You all know this feeling. Whether our friends have graduated and are moving on to a new period in their life, or they are just in the break between grades, the vast majority of them hold a full time job during the summer months.As a teenager I once felt the urge to get a part time job in May of 2011. I thought I could handle full time classes and working 15 hours a week. Little did I know that having the extra stress accompanied with a job would put me into a 4 month long flare. After my experience with my first part time job, I decided that working was not in the cards for me during this time in my life. Besides.. I already had a full time job dealing with my chronic illness.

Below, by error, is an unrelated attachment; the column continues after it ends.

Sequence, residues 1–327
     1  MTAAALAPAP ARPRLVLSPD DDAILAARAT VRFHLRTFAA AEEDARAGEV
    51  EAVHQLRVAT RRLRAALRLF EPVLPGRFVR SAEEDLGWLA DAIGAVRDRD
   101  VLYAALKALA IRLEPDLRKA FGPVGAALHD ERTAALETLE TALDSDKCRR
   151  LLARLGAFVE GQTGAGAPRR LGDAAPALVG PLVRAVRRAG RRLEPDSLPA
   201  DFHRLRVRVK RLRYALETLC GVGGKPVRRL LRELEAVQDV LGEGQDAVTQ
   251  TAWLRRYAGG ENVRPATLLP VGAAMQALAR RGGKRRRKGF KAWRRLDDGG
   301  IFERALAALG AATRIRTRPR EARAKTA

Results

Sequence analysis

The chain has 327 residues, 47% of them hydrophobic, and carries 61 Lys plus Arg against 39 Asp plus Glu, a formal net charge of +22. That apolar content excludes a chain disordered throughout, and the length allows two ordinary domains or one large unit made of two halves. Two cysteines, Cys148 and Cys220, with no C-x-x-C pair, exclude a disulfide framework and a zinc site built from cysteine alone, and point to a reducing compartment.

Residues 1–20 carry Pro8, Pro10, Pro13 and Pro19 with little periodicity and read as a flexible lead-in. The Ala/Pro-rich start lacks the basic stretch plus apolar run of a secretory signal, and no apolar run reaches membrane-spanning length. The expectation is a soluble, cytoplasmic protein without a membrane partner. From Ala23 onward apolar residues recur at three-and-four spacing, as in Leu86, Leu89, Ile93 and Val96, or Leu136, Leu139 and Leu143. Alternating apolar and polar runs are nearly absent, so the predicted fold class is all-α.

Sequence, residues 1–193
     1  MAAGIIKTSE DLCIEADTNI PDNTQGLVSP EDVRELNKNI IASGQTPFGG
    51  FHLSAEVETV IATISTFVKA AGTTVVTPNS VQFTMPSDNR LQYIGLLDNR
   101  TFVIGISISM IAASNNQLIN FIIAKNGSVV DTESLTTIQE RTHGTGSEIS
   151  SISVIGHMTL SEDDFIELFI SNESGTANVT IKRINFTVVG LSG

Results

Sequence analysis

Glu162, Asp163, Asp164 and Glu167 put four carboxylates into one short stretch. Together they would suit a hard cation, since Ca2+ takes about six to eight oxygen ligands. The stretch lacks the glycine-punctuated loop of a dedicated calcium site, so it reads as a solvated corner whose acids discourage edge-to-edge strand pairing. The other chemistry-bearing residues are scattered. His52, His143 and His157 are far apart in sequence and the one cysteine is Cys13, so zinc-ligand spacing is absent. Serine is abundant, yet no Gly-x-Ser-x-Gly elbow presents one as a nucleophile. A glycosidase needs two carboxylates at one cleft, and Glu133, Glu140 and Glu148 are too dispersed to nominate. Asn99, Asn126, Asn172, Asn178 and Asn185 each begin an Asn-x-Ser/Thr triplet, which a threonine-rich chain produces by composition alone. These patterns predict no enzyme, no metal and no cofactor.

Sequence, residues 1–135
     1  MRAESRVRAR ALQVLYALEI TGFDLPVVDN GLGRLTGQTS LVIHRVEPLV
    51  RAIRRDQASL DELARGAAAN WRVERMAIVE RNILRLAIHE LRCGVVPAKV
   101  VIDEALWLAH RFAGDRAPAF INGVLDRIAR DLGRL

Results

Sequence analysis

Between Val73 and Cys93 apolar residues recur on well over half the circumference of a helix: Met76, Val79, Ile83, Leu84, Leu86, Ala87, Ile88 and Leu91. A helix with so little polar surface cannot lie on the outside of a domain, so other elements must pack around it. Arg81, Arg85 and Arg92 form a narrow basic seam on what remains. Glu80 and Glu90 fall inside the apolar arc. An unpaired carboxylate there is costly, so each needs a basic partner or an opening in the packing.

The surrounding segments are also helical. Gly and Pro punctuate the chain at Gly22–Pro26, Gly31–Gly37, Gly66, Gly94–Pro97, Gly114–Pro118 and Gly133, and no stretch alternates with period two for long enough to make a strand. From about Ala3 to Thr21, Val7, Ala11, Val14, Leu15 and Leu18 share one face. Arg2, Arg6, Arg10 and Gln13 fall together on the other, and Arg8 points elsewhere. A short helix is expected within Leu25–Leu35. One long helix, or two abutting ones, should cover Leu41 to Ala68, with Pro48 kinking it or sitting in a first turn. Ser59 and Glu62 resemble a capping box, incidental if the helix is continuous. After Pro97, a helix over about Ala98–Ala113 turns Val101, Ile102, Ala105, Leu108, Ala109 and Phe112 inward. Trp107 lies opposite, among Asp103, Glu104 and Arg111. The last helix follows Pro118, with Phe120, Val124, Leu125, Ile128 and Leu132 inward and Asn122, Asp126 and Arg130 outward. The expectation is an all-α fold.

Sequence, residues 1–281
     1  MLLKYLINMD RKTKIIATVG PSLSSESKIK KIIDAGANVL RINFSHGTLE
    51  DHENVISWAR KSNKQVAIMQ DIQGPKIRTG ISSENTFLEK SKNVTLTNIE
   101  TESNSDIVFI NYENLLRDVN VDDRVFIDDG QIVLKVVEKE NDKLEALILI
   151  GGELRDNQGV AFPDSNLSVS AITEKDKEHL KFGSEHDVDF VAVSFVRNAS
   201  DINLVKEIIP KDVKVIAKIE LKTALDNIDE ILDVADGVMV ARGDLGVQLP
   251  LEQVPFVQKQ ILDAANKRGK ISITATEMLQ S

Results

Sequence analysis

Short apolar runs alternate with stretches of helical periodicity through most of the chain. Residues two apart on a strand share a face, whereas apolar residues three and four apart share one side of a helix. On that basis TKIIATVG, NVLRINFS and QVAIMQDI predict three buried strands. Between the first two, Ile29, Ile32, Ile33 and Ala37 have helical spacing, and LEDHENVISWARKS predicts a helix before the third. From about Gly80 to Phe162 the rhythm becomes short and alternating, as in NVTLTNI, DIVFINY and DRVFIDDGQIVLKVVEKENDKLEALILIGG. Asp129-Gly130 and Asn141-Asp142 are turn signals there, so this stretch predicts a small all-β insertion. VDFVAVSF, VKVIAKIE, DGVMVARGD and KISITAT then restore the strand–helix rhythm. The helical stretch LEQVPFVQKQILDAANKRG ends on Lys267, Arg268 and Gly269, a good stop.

When the next summer rolled around I knew that a job was not going to happen. So I decided to fully immerse myself in volunteering. It gave me the flexibility with missing shifts and having a reasonable shift in terms of length. I thrived in this setting, and I loved volunteering.

This summer, after my graduation from high school, having a job seemed to a must amongst my peers and in the opinions of the adults around. Having the conversation with a friends parents always ended in the same way.. awkward. They always seem to have this look of disgust on their faces… They believe that my parents are giving me a “free ride”.

My parents have taught me the value of a dollar growing up. My parents do give me money weekly for any costs that I run into. But other than that, I work around the house at a pace I can handle. I love working around the house doing things like cleaning,organizing and helping my grandmother